News reports continue to indicate that the UK is experiencing a skills shortage, with a recent PwC survey stating that almost two thirds of UK business leaders believe a lack of employees with key skills is hampering their firm’s growth prospects. Most individuals and organisations assume that additional training, simplifying jobs, or recruiting in the skills will overcome the issue.
Sure, there are some skills that can only be acquired (and validated) via structured training and learning. But there are many other skills that can be learned “on-the-job”, and volunteering offers the perfect opportunity for individuals to develop a new skill whilst making a meaningful contribution.
I’ve had the privilege of being awarded both the BIFM “Special Interest Group Volunteer of the Year”, and the overall “Volunteer of the Year” this year. I put a lot of time and effort in to my roles throughout the year, but I do it because of the people I get to spend time with (and learn from), the skills I get to acquire along the way (networking, communication, event planning), and the experiences I get to be a part of (events, discussion groups). Individuals that I’ve worked with on Special Interest Groups (SIGs) have now become my personal mentors / coaches, an added bonus of volunteering.
With 13 SIGs and 11 regions helping to keep BIFM running smoothly, there are plenty of opportunities to get involved. I’d highly recommend this to individuals who are looking to push their boundaries, or to extend their network. Even better, if you have a specialist discipline or a unique job role, come along and share your knowledge and experience with members – It may not expand their skill enough to become proficient in your discipline, but it would certainly help to raise awareness, or help inspire someone to become a specialist themselves.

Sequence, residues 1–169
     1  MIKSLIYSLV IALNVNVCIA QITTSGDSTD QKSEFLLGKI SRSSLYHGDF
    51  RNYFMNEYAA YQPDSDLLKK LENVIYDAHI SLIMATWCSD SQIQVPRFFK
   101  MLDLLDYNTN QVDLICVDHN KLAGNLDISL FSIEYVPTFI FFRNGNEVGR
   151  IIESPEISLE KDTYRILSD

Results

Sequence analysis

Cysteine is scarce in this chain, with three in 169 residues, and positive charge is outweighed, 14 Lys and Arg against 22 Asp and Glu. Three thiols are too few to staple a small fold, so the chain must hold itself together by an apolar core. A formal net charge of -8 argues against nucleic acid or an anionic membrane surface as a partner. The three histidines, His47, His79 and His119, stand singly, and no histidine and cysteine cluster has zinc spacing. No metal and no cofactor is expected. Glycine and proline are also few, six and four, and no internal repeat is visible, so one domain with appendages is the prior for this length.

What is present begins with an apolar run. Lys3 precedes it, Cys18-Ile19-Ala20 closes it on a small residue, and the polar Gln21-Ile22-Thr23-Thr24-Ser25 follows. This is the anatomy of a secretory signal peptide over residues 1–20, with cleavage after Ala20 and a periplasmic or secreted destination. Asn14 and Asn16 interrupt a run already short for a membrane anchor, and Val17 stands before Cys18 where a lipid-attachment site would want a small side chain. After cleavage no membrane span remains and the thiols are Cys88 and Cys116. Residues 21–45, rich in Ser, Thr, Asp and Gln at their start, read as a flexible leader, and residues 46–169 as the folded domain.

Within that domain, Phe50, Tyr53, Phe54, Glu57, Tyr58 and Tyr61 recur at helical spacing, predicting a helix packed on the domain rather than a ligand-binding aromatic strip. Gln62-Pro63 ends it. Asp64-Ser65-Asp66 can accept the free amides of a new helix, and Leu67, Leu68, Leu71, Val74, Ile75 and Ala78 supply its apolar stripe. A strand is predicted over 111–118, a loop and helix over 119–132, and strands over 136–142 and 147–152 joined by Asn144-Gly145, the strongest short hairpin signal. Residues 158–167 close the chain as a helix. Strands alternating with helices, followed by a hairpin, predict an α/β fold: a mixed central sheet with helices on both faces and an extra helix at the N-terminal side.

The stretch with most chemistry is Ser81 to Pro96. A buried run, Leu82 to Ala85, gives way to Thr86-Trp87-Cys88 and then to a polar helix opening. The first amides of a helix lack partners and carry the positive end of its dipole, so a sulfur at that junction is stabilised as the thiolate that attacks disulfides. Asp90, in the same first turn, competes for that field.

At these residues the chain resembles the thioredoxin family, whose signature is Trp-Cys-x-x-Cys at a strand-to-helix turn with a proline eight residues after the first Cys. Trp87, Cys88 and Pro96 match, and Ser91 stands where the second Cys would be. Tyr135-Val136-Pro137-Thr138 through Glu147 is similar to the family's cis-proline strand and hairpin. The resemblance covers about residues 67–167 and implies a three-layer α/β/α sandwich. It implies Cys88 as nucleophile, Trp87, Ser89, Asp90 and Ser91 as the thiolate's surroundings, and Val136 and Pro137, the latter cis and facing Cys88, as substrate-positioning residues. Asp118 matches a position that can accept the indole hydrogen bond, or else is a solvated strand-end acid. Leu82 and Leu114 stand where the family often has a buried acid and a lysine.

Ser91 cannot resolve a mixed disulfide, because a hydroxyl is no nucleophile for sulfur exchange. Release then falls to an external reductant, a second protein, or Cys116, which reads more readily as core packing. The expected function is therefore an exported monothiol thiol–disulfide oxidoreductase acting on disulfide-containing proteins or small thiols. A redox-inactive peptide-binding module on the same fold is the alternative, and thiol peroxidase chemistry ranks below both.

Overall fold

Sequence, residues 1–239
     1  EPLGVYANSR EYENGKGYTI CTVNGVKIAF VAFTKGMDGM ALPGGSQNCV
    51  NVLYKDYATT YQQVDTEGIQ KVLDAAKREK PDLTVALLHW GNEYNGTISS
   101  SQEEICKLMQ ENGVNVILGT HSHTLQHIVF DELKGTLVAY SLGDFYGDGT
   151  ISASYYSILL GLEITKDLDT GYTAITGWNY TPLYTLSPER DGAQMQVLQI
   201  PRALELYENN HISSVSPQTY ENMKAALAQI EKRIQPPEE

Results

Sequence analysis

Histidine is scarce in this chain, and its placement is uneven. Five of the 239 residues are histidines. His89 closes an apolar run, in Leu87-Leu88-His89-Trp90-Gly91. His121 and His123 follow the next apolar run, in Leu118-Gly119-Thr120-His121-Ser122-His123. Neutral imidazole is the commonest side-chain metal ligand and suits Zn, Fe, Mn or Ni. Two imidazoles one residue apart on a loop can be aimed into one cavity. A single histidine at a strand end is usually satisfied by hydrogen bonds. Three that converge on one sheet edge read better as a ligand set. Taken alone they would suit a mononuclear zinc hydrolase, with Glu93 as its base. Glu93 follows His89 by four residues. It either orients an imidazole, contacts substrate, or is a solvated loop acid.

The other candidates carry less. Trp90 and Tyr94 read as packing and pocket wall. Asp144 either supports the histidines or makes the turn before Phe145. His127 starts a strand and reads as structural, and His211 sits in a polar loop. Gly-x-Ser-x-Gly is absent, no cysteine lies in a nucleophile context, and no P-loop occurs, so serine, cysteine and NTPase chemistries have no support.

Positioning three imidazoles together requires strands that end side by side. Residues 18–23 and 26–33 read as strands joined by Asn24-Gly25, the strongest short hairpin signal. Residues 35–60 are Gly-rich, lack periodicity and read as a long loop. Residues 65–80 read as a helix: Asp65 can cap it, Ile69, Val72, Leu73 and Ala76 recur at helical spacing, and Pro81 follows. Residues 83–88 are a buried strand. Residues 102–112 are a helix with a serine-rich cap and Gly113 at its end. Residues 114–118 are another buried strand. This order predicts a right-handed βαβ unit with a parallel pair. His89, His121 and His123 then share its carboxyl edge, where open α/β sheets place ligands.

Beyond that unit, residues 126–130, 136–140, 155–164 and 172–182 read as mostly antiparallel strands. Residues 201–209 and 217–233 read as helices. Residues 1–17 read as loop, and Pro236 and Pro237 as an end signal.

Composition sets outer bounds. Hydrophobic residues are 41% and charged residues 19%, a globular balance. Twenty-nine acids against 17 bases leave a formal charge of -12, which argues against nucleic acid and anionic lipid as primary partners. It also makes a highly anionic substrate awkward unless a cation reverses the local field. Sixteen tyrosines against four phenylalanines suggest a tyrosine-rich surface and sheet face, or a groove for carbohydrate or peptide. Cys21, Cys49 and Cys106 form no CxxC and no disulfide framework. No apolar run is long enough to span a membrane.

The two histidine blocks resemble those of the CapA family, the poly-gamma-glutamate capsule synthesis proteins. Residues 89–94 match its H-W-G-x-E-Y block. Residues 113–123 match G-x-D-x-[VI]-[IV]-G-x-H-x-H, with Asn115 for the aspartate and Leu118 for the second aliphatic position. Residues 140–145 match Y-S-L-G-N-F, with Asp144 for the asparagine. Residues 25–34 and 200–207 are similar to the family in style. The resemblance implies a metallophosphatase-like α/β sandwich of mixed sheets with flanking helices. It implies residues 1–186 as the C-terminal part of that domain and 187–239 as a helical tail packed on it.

Volunteering outside of the industry broadens horizons and skill sets even further. I have previously volunteered for a local charity as a “befriender”, going to visit a housebound 91-year-old once a week just for a chat. It was a pleasure to hear about her life and to see what a difference that visit made to her, all for just one hour of my week. Whilst this didn’t help me gain any business skills, it definitely helped with developing my people skills, and how to cope in emotionally charged situations. I also joined the board of my local volunteer centre to gain insight into director level business management, certainly something that easily translated back in to my day-to-day, but not something I would usually have exposure to in my job role.
I’d like to end this article with one of my favourite quotes, hoping that it gives individuals and organisations food for thought…
“Volunteers are not paid – Not because they are worthless, but because they are priceless.” Author unknown
Tanya Horscroft (nee Brick) is a facillities manager in Capita’s property and infrastructure business
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